Child Therapy: Down Syndrome Milestones

Last month, we wrapped up our series of developmental milestones for typical developing children. The series included gross motor, fine motor, social, speech, and feeding development. For this article, we will focus on gross motor, language, and social/self-help development for children with Down syndrome.

What is Down Syndrome?

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Down syndrome is a congenital disorder that results from a full or partial extra copy of chromosome 21. In the United States, 1 in 691 babies are born with Down syndrome. Children with Down syndrome typically face developmental delays in most areas of growth. Early intervention is encouraged for families who have a child with Down syndrome.

Early intervention is an individualized program composed of therapy, exercise, and various activities. It is encouraged for children with Down syndrome as early of an age as possible. Most children with Down syndrome will receive physical, speech, and occupational therapy.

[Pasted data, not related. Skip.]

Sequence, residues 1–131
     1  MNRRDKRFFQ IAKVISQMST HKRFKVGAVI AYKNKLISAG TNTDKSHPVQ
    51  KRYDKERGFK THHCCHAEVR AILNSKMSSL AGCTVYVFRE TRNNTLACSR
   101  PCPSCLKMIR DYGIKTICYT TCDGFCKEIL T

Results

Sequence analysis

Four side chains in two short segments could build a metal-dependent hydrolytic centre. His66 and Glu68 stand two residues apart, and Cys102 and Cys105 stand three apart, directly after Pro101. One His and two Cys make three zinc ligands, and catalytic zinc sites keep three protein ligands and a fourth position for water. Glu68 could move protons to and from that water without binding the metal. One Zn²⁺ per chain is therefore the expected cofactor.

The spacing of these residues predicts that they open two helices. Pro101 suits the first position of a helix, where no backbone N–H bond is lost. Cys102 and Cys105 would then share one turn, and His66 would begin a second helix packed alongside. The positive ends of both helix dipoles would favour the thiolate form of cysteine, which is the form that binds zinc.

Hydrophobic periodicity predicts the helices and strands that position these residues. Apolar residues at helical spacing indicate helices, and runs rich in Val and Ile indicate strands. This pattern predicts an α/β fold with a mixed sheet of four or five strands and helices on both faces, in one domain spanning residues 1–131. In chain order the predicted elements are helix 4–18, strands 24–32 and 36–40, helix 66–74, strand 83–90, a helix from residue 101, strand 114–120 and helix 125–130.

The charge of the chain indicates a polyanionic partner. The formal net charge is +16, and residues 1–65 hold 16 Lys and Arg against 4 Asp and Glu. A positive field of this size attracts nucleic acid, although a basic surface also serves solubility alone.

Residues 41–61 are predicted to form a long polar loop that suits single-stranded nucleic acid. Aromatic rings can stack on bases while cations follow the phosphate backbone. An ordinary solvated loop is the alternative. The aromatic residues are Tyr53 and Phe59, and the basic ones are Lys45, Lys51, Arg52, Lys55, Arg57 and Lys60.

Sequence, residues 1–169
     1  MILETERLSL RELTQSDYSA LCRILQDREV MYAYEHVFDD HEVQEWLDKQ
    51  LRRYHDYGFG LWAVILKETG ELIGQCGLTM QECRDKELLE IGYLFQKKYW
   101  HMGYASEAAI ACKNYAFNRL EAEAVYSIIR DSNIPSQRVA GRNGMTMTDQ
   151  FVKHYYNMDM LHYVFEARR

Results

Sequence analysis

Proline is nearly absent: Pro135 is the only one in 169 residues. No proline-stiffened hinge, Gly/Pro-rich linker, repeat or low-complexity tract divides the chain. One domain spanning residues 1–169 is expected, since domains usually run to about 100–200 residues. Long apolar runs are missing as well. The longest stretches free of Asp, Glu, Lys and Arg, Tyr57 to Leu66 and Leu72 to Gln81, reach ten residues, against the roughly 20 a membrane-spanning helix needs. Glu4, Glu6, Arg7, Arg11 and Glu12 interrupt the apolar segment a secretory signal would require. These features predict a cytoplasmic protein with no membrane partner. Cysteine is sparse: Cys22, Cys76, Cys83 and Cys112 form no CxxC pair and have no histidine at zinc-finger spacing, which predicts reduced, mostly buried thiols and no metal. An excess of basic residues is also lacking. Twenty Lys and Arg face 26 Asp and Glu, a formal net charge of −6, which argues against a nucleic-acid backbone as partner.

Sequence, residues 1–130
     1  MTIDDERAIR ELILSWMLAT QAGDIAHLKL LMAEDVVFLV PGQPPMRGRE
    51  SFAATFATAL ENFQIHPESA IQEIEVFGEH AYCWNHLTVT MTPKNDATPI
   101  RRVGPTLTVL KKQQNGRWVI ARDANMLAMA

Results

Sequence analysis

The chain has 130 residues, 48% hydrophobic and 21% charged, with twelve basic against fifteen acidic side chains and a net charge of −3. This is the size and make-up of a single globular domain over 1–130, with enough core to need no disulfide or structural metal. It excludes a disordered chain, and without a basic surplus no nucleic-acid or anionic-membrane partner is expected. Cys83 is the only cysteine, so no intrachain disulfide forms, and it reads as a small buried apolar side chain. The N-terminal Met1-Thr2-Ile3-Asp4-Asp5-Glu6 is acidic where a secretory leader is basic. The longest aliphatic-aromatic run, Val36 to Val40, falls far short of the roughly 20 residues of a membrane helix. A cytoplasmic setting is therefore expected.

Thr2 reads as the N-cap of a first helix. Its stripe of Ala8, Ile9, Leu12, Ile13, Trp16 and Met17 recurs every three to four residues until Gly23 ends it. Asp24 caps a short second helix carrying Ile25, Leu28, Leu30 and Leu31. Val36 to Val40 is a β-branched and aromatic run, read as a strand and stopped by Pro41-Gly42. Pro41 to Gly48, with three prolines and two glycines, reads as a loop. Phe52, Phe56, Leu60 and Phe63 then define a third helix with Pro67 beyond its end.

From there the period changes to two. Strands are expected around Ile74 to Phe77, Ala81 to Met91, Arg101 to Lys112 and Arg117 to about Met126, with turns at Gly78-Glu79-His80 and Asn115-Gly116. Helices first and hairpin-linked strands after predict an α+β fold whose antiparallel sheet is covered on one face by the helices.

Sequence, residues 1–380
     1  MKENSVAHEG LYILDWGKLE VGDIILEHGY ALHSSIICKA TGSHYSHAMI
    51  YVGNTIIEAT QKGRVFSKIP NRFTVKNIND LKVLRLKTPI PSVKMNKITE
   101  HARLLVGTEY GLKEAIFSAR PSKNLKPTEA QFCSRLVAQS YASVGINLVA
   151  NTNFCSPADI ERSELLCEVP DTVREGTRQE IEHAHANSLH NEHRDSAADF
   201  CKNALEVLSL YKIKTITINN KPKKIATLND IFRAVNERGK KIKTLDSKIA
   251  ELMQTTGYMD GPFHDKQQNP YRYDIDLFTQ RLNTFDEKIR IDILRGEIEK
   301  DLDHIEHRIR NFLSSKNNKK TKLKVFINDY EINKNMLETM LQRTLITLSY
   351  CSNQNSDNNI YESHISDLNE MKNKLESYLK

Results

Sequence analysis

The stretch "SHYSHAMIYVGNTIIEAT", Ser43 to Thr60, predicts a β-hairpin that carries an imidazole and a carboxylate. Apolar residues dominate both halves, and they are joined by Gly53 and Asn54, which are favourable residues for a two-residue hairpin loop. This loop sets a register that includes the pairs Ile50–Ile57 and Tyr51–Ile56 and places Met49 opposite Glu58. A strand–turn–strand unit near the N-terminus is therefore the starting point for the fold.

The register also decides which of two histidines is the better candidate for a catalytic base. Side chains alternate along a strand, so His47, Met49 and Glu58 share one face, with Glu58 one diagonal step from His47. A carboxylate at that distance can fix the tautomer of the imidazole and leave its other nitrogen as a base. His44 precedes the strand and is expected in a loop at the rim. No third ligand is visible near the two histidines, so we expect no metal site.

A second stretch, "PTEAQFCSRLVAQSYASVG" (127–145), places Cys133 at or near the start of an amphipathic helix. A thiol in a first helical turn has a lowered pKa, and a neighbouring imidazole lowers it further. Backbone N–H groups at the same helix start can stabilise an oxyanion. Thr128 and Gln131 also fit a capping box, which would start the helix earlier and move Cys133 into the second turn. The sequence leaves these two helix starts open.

Down Syndrome Milestones

The milestones listed are based on early intervention goals set by therapists. Each milestone is organized based on the type of therapy used to address the goal. Compared to our last developmental milestones, most of the Down syndrome milestones may range by years. Each child is different and their progression is based upon their specific needs.

For Physical Therapy:

  • Sits alone: 6-30 months
  • Crawls: 8-22 months
  • Stands: 1-3.25 years
  • Walks alone: 1-4 years

For Speech Therapy:

  • First word: 1-4 years
  • Two word phrases: 2-7.5 years

For Occupational Therapy:

  • Meaningful smile: 1.5-5 months
  • Feeds self with fingers: 10-24 months
  • Drinks from a cup unassisted: 12-32 months
  • Uses spoon alone: 13-39 months
  • Potty trained: 2-7 years old
  • Dresses self unassisted: 3.5-8.5 years

If you feel your child is significantly behind in any of these areas, please contact Lumiere Children’s Therapy for an evaluation.

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Resources:

http://www.ndss.org/Resources/Therapies-Development/Early-Intervention/

http://www.ndss.org/Down-Syndrome/What-Is-Down-Syndro